Russia’s geography is primarily terrestrial, without significant warm water access to large bodies of water or strategic waterways. This factor drove some of its earliest Czarist-era and Soviet expansionist behaviors. The melting Arctic ice, with the gradual opening of the Northern Sea Route, was not part of this earlier calculus. Ever since the Mongols erupted out of Asia in the 1200s and overran much of the west, including slaughtering and enslaving medieval Rus, the site of present-day Kyiv, the Russians have been in an existential, land-centric wedge beset by threats from every quarter. This was brought about, in part, by its own expansion that, by the late 1500s, had tenuously connected Moscow to the site of present-day Vladivostok, some 5,000 miles away, and that by the mid-1800s had absorbed, by conquest and annexation, much of the Far East, Central Asia, and the Caucasus.10 Other fronts included constant struggles with Western states, including Sweden, Poland, France, and Livonia (a historic region on the eastern shore of the Baltic Sea), culminating in Napoleon’s disastrous march on Russia in 1812. This was followed by confrontations with the British, French, Ottomans, and others in the Crimean War (1853-1856); the Allied intervention in 1919 during the Russian Civil War (which included the United States); and the ferocious invasion by Nazi Germany in 1941.
As the “Great Patriotic War,” as World War II was called by the Soviets, fades into history for much of the Western world, in Russia it is still a recent memory. Major celebrations and commemorations are held annually on Victory in Europe (VE) Day, May 9, and extensive efforts are made to keep this defining struggle and sacrifice alive in schools and in the collective memory of the general public. The enduring impact of the war was impressed upon me near Smolensk in early 2014 when, while trying to explain why the West and NATO were no threat to Russia, an elderly woman tugged at my sleeve, exclaiming (paraphrasing), “But, General, remember that in my lifetime and that of my parents and grandparents, the Nazis came from the West and stood with their jackboots on the throats of our villages and towns in western Russia and millions of us died.” Completely disarmed, all I could do was sincerely tell the skeptical babushka that today’s West was different and desired a peaceful relationship with Russia. Upon reflection, however, her point was telling, visceral, and evocative. During World War II, a staggering 20–26 million Soviets, many of them civilians, died fighting a brutal war against an unmerciful foe from the West that, if victorious, would have enslaved those who survived the carnage of the invasion.11 Absorbing the Nazi onslaught, surviving, and then overcoming this frightening existential foe was the single greatest achievement of the USSR; it is still a critical—and painful—part of the living memory of Russia today. While the USSR’s allies—the United States, Great Britain, China, France, Canada, Poland, and other nations—paid a bloody butcher’s bill against Germany and Japan, it was the Soviets who endured Nazi Germany’s main effort: a massive invasion by a Western power executing a war of annihilation.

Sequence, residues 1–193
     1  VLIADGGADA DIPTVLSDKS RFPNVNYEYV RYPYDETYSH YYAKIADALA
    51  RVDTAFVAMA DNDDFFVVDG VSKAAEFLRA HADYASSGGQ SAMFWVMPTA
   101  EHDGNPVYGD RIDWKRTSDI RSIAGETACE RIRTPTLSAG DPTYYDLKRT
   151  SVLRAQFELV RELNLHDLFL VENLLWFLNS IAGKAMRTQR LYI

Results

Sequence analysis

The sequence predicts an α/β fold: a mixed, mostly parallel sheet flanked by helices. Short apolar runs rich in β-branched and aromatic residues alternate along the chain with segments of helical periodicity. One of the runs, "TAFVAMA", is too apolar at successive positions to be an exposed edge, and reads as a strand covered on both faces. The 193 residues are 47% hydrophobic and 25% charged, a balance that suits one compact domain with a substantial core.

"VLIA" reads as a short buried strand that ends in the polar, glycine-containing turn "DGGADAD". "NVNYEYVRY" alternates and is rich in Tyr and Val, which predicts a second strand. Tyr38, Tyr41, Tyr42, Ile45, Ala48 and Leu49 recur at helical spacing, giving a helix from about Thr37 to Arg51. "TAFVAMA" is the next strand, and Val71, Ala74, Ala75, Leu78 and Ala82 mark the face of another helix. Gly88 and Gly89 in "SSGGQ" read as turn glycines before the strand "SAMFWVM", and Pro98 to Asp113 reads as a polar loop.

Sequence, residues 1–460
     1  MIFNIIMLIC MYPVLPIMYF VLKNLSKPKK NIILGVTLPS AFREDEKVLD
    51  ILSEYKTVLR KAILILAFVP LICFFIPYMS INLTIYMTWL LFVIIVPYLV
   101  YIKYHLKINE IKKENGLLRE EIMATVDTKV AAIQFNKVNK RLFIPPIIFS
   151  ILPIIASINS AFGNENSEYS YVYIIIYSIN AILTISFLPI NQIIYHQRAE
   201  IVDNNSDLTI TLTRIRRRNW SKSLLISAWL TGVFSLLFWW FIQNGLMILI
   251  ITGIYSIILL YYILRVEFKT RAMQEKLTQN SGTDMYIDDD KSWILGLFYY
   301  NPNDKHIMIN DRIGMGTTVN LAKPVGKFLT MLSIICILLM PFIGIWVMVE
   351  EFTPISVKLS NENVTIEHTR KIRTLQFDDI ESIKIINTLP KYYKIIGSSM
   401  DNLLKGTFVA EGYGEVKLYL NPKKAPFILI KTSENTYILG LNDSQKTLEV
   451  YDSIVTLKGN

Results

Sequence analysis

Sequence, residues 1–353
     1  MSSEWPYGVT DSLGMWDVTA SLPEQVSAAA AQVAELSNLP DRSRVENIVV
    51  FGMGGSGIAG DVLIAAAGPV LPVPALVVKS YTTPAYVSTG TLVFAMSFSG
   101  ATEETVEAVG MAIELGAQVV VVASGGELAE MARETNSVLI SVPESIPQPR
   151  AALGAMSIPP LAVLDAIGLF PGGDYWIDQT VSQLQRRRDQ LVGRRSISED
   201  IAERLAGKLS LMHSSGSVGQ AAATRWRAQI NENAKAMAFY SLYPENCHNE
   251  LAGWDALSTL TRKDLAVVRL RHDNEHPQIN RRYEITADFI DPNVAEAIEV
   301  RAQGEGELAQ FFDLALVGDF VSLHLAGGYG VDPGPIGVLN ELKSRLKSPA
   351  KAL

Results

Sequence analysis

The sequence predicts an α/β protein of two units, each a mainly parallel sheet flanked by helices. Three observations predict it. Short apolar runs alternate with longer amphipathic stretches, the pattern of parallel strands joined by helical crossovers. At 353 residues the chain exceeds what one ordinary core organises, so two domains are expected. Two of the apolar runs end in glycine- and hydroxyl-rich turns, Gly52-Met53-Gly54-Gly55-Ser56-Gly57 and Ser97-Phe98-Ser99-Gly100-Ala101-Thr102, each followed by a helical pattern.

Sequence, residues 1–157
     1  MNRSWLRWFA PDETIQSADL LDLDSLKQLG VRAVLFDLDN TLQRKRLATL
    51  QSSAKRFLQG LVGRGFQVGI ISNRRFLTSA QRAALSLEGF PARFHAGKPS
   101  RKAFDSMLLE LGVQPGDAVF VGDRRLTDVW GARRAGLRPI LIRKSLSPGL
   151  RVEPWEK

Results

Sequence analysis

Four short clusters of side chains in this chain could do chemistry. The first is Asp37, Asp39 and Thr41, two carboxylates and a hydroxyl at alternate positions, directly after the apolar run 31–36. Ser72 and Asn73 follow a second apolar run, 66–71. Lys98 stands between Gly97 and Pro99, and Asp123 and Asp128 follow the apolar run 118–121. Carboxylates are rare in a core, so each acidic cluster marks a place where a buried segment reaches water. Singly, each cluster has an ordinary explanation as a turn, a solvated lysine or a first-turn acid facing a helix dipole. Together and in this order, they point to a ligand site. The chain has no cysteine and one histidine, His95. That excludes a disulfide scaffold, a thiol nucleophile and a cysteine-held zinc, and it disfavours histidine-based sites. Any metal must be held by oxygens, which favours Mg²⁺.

Before looking at post-Cold War drivers in order to malign Russian impulses and behaviors regarding the West, we must also recall the deep scars on the Russian soul, many of them self-inflicted, throughout its long history. Between 1914 and 1954, a mere 40 years, approximately 35-40 million Russians (the exact number will never be known) died as the result of two catastrophic world wars, a monarchy-collapsing national revolution, a brutal civil war, a man-made famine, grisly repression, show-trial purges, and a gulag system that turned the nation inside out. What goes on in the psyche of a nation’s people after enduring such unimaginable hardship and loss? With the Russian Orthodox Church extinguished, what faith or belief system did Russians turn to during those officially soulless years when churches and cathedrals, temples and mosques, if not destroyed, became stables and were labeled houses of atheism? How does this period of wrenching personal and national violence and loss color the worldview of a people so affected by the loss of loved ones to war, famine, or repression within the last century? No wonder that the Russians are suspicious, defensive, reactive, xenophobic, and often paranoid. All of this makes up part of the tough root structure that characterizes both the durability and the hardiness of the Russian persona. It also helps to explain an innate willingness to endure both external and, up to an extraordinary point, internal travail; however, when that willingness snaps, as it did during the bloody revolution in 1917 and as the Soviet Union began to disintegrate in the late 1980s, it can become viciously brittle.
“Deep Scars on the Russia Soul.” Peter Zwack, National Defense University. @ndu_edu.
Peter Zwack is the Senior Russia-Eurasia Research Fellow at the National Defense University’s Institute of National Security Studies. He is a retired U.S. Army Brigadier General and served as the U.S. Defense Attaché in Moscow, Russia from 2012 – 2014